Understanding a Profit Center

A Basic Understanding of the Business Term Profit Center

A paper with profits and losses
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Way back in the 19th century, an Italian economist coined what became known as the "Pareto principle." Vilfredo Pareto believed that 80% of the effects in any given scenario are the result of just 20% of the causes. When applied to the world of business, this means that 80% of a company's profits can be attributed to just 20% of the company's clients, operations, or products. As businesses sought to capitalize on this theory, profit centers became a central tenant of their strategy.

The profit center is the segment of the business that management depends on for its bottom line profit. Knowing how to accurately identify one's profit centers, and how to leverage those profit centers to bolster other aspects of the business, can help a company achieve long-term success.

A Profit Center Example

As an example, let's look at Microsoft. Microsoft has thousands of products that range from video game consoles to search engines, but the major profit centers are the Windows operating system and the Microsoft Office software. The company depends on the profits from those software products to fund new products and ventures.

As Microsoft prepared to launch the original Xbox console back in 2001, the company depended on its software sales as it invested in game development and the production of hundreds of thousands of consoles. The profit centers ensured that Microsoft stayed afloat as it poured money into this new investment. The risk paid off, and the Xbox has been a hit ever since, but even if the Xbox flopped, the profit centers would have allowed Microsoft to survive the failed venture.

The Role of a Profit Center Executive

A manager or executive in charge of a profit center is likely to face a much more difficult job than someone overseeing a division that is not classified as a profit center. The reason is simple: the entire company depends on them. A profit center manager is going to have to both increase sales by generating additional revenue and decrease costs as a percentage of revenue. Failure to do so will have a disproportionate effect on the entire company, compared to managers in other areas.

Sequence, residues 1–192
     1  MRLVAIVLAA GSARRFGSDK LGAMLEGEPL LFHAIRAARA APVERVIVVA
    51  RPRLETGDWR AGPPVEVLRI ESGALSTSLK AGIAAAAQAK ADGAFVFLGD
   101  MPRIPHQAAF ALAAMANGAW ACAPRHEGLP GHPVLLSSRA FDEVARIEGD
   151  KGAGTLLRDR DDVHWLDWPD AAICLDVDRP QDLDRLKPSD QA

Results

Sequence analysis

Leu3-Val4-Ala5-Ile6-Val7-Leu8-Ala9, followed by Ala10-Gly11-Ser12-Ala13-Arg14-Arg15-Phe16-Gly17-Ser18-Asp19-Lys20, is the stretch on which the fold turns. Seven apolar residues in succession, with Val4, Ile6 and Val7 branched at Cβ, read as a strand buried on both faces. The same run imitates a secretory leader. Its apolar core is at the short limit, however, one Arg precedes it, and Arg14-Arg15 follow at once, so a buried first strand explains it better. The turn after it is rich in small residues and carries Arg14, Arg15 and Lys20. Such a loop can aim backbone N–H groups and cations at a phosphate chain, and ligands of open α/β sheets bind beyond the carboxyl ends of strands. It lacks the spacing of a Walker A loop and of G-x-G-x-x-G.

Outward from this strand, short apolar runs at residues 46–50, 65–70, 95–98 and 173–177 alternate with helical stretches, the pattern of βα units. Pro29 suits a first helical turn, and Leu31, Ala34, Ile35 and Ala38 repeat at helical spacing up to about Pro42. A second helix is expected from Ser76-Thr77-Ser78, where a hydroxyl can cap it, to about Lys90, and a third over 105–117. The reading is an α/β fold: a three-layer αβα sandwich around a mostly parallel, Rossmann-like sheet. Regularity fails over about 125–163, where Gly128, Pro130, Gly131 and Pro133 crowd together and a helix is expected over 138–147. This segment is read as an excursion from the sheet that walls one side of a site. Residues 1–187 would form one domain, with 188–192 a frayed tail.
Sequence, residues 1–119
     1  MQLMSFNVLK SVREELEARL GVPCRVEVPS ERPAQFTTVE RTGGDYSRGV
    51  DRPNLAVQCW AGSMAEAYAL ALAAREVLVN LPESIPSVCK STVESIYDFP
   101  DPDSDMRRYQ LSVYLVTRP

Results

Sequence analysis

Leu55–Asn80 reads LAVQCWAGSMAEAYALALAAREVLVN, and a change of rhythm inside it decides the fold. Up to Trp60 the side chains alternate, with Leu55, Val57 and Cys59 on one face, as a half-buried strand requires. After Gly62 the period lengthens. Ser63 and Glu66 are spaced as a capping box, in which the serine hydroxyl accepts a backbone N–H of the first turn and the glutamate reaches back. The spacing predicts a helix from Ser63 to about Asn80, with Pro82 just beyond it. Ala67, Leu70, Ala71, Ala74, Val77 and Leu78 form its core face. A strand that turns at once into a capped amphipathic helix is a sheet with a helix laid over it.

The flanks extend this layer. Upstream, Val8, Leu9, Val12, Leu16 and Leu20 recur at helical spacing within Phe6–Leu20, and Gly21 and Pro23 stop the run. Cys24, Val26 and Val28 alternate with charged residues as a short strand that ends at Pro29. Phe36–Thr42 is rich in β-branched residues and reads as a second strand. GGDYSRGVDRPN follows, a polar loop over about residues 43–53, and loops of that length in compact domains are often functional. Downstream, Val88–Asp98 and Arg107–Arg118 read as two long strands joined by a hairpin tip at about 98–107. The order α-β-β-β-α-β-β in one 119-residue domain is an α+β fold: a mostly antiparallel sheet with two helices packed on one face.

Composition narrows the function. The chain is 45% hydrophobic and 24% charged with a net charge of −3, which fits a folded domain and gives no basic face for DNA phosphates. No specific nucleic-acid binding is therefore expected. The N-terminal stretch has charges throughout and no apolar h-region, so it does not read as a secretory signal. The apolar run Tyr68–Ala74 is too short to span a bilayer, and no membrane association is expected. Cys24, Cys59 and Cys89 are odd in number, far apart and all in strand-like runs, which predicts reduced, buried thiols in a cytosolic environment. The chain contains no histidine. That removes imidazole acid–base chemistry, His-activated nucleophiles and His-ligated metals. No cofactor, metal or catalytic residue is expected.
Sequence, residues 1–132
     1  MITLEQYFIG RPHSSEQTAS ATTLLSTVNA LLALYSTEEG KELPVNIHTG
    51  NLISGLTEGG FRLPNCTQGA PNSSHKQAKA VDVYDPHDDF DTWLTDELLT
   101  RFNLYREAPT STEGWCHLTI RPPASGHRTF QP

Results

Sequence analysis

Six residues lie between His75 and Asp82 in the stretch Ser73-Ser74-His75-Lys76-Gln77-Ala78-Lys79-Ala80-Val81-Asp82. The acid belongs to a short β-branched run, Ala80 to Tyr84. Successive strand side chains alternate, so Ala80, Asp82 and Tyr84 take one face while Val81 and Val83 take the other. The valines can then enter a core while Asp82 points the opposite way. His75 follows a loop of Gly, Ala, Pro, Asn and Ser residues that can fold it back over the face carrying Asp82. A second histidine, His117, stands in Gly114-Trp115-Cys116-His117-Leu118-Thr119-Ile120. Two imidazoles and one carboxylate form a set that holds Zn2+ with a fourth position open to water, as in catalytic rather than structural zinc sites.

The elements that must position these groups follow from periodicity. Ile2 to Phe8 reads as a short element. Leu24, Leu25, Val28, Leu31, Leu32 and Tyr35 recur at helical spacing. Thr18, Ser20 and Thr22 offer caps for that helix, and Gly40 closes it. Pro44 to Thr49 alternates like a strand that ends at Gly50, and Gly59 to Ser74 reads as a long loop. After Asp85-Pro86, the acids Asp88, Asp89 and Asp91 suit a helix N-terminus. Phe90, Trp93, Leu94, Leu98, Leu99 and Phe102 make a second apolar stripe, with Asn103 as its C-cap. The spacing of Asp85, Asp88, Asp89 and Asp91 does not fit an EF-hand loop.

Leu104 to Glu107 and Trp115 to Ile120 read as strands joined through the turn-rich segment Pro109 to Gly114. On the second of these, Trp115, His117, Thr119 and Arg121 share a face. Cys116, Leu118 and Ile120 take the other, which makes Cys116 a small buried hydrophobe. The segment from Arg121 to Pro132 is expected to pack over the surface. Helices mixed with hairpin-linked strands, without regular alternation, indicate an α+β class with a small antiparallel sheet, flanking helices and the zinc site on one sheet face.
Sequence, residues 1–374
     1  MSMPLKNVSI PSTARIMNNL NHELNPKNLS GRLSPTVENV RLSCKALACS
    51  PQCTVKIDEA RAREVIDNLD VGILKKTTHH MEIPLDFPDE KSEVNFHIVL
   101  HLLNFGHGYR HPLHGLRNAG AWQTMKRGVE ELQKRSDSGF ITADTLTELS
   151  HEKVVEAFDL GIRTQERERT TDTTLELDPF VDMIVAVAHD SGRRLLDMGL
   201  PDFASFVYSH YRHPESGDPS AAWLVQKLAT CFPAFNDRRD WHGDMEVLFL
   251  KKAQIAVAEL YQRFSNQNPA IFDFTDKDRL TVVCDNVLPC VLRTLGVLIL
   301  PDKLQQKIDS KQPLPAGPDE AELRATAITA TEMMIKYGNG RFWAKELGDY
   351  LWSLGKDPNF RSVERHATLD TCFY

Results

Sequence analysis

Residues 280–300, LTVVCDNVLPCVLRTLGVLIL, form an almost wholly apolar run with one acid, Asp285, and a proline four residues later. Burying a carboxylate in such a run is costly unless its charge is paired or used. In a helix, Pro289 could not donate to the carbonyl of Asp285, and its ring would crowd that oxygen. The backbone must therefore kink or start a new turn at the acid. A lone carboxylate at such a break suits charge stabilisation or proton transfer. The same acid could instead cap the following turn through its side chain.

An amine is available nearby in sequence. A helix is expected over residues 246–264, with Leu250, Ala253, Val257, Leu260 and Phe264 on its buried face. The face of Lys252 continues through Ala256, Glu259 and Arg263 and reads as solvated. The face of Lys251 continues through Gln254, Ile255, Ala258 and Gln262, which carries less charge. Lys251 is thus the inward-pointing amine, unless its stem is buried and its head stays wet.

Cost Centers vs. Profit Centers

A cost center manager, on the other hand, only has to worry about staying within the budget. A cost center can be considered the opposite of a profit center. It's a department that is important to the overall success of a company, but its positive contribution to revenues and profits can be only incrementally measured—if there's anything to measure at all. More often than not, a company's cost center runs red ink in upfront losses. However, cost center operations will result in a much richer company, if managed correctly.

As an example, think of the research division of a major pharmaceutical corporation. The company spends billions of dollars developing drug treatments without selling a single pill for years. If they make a breakthrough and create a brand new drug, all those years of red ink would have been worth it. If management decided to shut down the cost center, the company would lose a valuable portion of its operations. Yet, when money is tight and management is worried about costs, cost centers usually find themselves on the chopping block.

Investment Centers vs. Profit Centers

A closely related concept to a profit center is an investment center. Whereas a profit center simply measures the overall contribution of a division’s profitability to the parent corporation, an investment center measures all uses of capital against a theoretical required rate of return. The investment center approach is useful in evaluating the overall profitability of a company, as measured by return on capital deployed.

However, investment center metrics can be manipulated by managers who know how to bend accounting rules. By simply modifying depreciation rates, for instance, they could increase the estimated return on invested capital. They could also change the so-called hurdle rate—the minimum acceptable rate of return—to a more easily attainable figure just before reporting the numbers.

Profit Center Criticism From its Founder

While the Pareto principle has been around since the late 1800s, the legendary management consultant Peter Drucker created the term "profit center" in the 1940s. He subsequently regretted his earlier writings on profit centers. He asserted that a profit center mentality leads managers to focus on the wrong overall priorities.

He insisted that everything is a cost center, instead. By focusing only on the absolute profit of a division—as profit center mentality does—factors such as return on capitalopportunity cost, efficient use of resources, and relative returns are ignored to the detriment of the stockholder or owner. This can be a horrible mistake because if managers are rewarded simply for cutting costs, they will not make sufficient reinvestment in the business to grow profitably for the future. Hence, you eventually end up with outdated or subpar equipment, facilities, and staff.

Still, there are benefits to a profit center approach. When applied correctly, it blends the need for current cash with the desire to grow earnings in the future, making a manager accountable for the long-term health of a business.